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    No worries friend! I don't think you should be worried about deleting your account, I don't think you were trying to be malicious in your intent. (Android pun not intended) Just realize that people take plagiarism pretty seriously. I know it's frustrating, but it's not really suggested to vote on your colleagues posts: meta.stackexchange.com/questions/138517/… – Andrew Brooke Oct 23 '15 at 12:41
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    No need to delete your account. Just ensure that future interactions between the two of you are above board. – Martin Smith Oct 23 '15 at 13:01
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    @FraserOfSmeg unfortunately, as noted above, plagiarism goes against the license you agree to when you use this site, so it is not allowed, and besides that is looked upon very poorly when discovered. The purpose of this site is not to have an answer to every single posted question, instead it is to form a knowledge repository where all questions can be answered. This is why so many questions are closed as duplicates. – MattDMo Oct 23 '15 at 23:34

This can be considered as plagiarism. The user should have marked the question as duplicate, or at least should have given attribution to you in his answer. Looking at his profile, the user seems to be a person who is trying to earn bounty. Also note that most of the questions and answers revolve around these two users:



i.e. if first has asked the question, second has answered, or vice-versa.

I doubt these two user profiles have some connection.

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    Really sorry about that.. We both are mates and doing the same project.I will delete this account as well. Sorry for any inconvenience caused – John Oct 23 '15 at 12:13
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    @John I don't think you should delete the account. You've been quite active on the site and can be a valuable member of the community. The duplication mistake discussed here looks like the sort of things that happens when learning how a new community works. Please stay and continue contributing! – Anders Abel Oct 25 '15 at 11:38
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    we probably should avoid direct exposure of user profiles in meta posts. – Jean-François Fabre Jun 4 '19 at 19:26

I would most definitely consider this plagiarism, as there was no attribution given. The user in question has now also deleted his plagiarized Answer without comment.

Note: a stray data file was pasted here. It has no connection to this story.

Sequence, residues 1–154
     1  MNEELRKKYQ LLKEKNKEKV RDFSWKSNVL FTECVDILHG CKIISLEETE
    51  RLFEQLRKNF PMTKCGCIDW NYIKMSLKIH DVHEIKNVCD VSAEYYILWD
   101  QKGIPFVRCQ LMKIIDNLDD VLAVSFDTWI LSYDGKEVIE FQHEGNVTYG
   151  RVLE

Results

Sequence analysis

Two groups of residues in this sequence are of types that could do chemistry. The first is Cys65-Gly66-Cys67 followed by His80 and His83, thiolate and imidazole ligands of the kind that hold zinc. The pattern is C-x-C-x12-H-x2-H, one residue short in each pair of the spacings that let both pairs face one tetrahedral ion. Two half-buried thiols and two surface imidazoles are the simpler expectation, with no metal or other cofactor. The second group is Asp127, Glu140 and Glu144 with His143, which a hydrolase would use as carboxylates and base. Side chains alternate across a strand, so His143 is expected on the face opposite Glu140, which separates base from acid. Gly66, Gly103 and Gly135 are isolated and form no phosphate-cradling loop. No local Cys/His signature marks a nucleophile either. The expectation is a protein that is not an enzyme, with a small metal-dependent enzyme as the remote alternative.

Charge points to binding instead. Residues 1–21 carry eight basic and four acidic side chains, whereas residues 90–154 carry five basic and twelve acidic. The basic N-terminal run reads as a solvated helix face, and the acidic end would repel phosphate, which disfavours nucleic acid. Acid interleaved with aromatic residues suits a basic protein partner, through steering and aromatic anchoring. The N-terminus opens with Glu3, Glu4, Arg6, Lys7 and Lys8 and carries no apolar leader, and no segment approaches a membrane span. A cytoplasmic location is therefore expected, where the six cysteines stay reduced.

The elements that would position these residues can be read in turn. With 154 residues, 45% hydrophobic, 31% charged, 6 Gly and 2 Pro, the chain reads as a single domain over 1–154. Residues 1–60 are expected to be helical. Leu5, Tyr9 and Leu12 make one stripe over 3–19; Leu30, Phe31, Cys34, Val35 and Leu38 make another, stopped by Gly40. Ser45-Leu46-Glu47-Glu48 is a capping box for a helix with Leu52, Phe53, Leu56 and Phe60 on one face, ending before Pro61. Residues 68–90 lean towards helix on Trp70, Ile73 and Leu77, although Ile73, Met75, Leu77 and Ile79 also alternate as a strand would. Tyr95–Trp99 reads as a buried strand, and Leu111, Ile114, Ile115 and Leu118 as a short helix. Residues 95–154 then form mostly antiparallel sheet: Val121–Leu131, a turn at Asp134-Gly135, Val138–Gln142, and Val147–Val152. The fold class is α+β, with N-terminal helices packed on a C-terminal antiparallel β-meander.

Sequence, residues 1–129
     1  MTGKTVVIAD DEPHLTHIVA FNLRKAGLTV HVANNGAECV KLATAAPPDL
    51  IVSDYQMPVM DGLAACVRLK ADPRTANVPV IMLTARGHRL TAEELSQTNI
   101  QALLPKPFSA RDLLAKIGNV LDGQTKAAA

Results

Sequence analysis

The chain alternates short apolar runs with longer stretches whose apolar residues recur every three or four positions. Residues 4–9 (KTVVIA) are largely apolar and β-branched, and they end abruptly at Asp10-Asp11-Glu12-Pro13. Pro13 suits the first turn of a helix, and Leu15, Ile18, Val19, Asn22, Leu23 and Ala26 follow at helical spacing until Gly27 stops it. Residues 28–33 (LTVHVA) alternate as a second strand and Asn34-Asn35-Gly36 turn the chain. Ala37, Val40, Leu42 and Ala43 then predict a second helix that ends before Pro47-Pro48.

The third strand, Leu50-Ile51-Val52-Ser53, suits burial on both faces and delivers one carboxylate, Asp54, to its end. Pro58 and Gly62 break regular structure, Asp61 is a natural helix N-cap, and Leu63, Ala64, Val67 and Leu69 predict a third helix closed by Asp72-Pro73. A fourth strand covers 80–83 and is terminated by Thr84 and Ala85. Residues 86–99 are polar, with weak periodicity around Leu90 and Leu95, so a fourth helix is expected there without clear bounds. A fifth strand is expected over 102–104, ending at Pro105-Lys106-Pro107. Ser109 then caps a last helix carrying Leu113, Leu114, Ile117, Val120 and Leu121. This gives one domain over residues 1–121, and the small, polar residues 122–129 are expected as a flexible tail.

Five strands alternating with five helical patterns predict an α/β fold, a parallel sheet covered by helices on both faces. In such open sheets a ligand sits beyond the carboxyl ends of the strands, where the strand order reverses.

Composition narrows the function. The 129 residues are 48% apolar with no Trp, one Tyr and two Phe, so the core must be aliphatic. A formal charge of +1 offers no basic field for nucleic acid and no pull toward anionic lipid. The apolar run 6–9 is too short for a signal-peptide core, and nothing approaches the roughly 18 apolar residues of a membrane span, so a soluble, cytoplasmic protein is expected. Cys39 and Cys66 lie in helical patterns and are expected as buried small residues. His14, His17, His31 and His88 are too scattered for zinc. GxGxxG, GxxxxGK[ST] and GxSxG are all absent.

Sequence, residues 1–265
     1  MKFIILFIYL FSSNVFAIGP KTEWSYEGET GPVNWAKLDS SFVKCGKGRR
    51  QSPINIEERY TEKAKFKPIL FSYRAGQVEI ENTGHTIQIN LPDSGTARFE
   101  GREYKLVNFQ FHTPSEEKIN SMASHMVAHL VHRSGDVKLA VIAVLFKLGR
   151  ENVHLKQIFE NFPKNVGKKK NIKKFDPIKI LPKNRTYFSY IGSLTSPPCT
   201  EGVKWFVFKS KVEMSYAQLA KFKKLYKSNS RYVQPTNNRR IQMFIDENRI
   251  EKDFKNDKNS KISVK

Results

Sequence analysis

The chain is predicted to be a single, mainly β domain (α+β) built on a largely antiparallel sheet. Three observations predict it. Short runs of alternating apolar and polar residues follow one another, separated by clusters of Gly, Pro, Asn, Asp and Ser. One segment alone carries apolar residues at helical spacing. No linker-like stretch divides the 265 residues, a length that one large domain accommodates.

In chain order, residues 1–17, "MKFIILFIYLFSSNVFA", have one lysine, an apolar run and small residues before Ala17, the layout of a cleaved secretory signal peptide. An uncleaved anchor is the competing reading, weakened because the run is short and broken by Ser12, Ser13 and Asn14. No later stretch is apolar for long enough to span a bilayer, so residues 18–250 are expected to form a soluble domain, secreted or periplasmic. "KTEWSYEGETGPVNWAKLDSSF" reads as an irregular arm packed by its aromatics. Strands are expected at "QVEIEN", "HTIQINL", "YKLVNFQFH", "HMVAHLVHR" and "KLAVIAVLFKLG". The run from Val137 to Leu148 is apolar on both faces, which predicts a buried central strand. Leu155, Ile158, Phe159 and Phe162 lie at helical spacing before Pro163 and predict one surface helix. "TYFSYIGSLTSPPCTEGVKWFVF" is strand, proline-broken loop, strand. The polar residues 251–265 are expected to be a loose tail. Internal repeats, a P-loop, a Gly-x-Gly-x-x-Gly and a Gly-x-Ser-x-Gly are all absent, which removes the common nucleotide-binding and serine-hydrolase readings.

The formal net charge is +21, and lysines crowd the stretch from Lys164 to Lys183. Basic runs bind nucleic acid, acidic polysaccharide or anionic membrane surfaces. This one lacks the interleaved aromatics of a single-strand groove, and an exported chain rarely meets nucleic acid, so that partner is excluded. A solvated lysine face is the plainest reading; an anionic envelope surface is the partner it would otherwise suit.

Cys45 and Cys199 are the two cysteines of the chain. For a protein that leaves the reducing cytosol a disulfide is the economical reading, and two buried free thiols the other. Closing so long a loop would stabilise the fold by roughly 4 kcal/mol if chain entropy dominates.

Not sure what he was trying there, but in my point of view that was entirely premeditated and thus a lot worse then usual instances of plagiarism. He asked this question with the specific purpose of plagiarizing the answer, then.

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    Really sorry about that.. We both are mates and doing the same project.I will delete this account as well. Sorry for any inconvenience caused – John Oct 23 '15 at 12:14

Based on the opinions of most everyone here, this can indeed be classified as plagiarism. I flagged the user's answer for moderator attention, describing the situation and linking to this meta post.

Since then, the user has deleted his answer, and commented here, acknowledging that he and the other user in question are working on the same project. I do not believe that his actions were done with the intention of plagiarism, but it is still behavior that is frowned upon.

Here are a couple additional reading links for this subject:
When is using an other poster's content plagiarism
How to vote on friends / colleagues ' questions (or answers)

Thanks for the help everyone!


Should the user have marked the question as a duplicate? You could argue that s/he should have but community moderation is voluntary and not an obligation. It also evens itself out. The user contributed an answer to a question, meanwhile you flagged the question as a duplicate. So the question was both answered and prohibited from cluttering the site, win win. Does his answer constitute plagiarism? Hardly. In fact, the answer was so trivial that you yourself didn't cite your source (presumably you weren't born with innate knowledge of android and had to learn it yourself). Plagiarism denotes taking credit for someone else's original work... not passing along helpful bits of trivial knowledge.

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    I actually did link directly to the documentation in my answer. Even if it doesn't fall into your definition of plagiarism, intentionally asking a duplicate question (with or without the intention of "copying" the answer, let's put that aside) is obviously not productive. – Andrew Brooke Oct 23 '15 at 20:05